Tax & Accounting Blog

Modernising tax management in an omnichannel retail landscape

Blog, Corporations, Indirect Tax, ONESOURCE, Technology March 21, 2024

Tax professionals involved in omnichannel retail industries face an unprecedented number of challenges these days. Calculating sales tax across different retail channels is complex due to various regulations, frequent changes in product data, and outdated systems, especially with increasing sales volume and shrinking budgets.

These issues and more were discussed by tax and trade experts in a recent webinar hosted by Thomson Reuters “Empowering retailers to thrive and modernise tax management in an omnichannel landscape.”

Omnichannel’s biggest challenges

Robert Kleppel, a partner in KPMG’s indirect tax technology national practice, kicks off the webinar by summing up what he thinks are the most pressing issues facing omnichannel tax professionals today.

“The challenges in the retail industry are numerous,” Kleppel says, “but I think they all can be bucketed into three main themes: people, processes, and technology.”

In the personnel department, Kleppel says most of his omnichannel clients have reduced their headcount and are not hiring, so those who remain “are constrained on the amount of time they have, especially for compliance.”

As for processes, Kleppel notes that many omnichannel tax processes are still being performed manually, so gathering the necessary data “is always a problem.”

“Retail data usually comes from numerous systems of various ages,” he says. “These systems could be decades old, they could be new, or they could have been put in without tax in mind,” he adds, “and that creates a lot of problems later on.”

These multiple systems—for procurement, inventory, point-of-sale (POS), separate channels, etc.—do not necessarily communicate with each other very well, if at all, Kleppel notes, which adds to the data-gathering burden of time-constrained tax personnel.

Nexus and transaction volume

Other challenges facing omnichannel retail tax personnel involve issues with the geographic nexus and the sheer volume of transactions being processed at any given time.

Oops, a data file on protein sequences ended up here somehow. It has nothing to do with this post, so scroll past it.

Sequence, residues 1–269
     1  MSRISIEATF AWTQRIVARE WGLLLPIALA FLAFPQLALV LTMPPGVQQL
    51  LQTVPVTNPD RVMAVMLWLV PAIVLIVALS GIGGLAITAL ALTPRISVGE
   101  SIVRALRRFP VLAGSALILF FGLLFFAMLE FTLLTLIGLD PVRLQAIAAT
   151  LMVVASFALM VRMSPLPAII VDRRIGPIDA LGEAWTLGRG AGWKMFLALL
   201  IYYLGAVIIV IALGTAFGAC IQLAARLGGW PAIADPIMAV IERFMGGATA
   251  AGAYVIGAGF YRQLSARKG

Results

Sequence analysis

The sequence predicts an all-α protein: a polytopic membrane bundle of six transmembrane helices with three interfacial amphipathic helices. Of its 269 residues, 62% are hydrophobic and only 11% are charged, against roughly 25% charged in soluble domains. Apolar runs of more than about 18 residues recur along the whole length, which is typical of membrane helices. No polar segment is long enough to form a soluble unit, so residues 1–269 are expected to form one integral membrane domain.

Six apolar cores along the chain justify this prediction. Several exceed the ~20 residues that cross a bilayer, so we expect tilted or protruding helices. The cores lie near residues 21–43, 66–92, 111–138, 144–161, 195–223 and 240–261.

According to Tracy Davis, Specialist-Director, Retail, at Thomson Reuters, “The breadth of the platform-nexus and marketplace-facilitator laws are making things incredibly complex for retailers online. A lot of companies are in situations of unknown unknowns,” she says, “where they don’t even realise they have nexus and they end up finding out in painful ways when auditors come knocking.”

Auditors typically request data encompassing several years, Davis notes, but large retailers may be processing millions of transactions per day. If you are tasked with gathering those receipts, “you’re looking at a very sizable quantity of data,” she says—data involving billions of transactions throughout the audit period.

Automation and “edge” computing

In this increasingly complex retail environment, companies are starting to rely more heavily on automation to perform routine tax functions. However, the panellists note that because so many companies have not upgraded the rest of their technology, they are not necessarily prepared to gather and process the enormous amount of data generated by automated systems, which stresses their ERP platforms.

According to Tracy Davis, the best solution to this data overload problem for retailers is “edge” computing, a hybrid cloud/on-premises approach to computing that allows individual stores and devices to connect and transmit essential data to a centralised hub.

“Edge computing is where retailers should be going in the future,” Davis says. “Edge computing allows enterprises to keep systems in sync across multiple jurisdictions—and because it’s centralised, tax rates can be pushed out automatically rather than having someone manually update those rates.”

“Edge computing is also increasing the accuracy of tax calculations,” KPMG’s Robert Kleppel adds. “Historically, POS systems have only been able to calculate destination taxes. But now, with edge computing, if somebody buys something online and picks it up in the store, and you are an origin state, of which there are twelve in the United States—you can calculate that tax correctly.”

Such complicated cross-border tax situations are much more commonplace now after the Supreme Court’s Wayfair ruling, Kleppel notes, so “an edge system’s centralised tax engine means you get the same tax answer no matter which channel an item is sold through. You have one source of truth for tax determination and calculation, and it’s consistent and accurate—that’s huge.”

The promise of AI in omnichannel retail management

Tax applications utilising generative artificial intelligence (AI) also hold great promise, the panellists agree, though precisely how companies will utilise them remains to be seen.

“I think AI will be very strong for helping to identify things quickly, provide alerts, and detect anomalies so that issues can be remediated immediately,” says Thomson Reuters Tracy Davis. “Such capabilities would allow for risk reduction in real-time,” Davis adds, “rather than discovering them during audits”.

Tools that can automatically apply correct tax codes to products by pulling product information from websites or reading product labels are another level of granularity that AI tools can provide. The panelists both note that more sophisticated AI tools with tax applications are still in development, but that the universe of possible applications is enormous.

“AI is an enabler, it’s not a replacement for what we do,” Kleppel says. “AI allows us to focus on things that are a higher value-add than spending twenty hours a week ploughing through transaction data—which AI can do for us immediately.”

Graphic of a shopping cart with e-commerce icons surrounding it.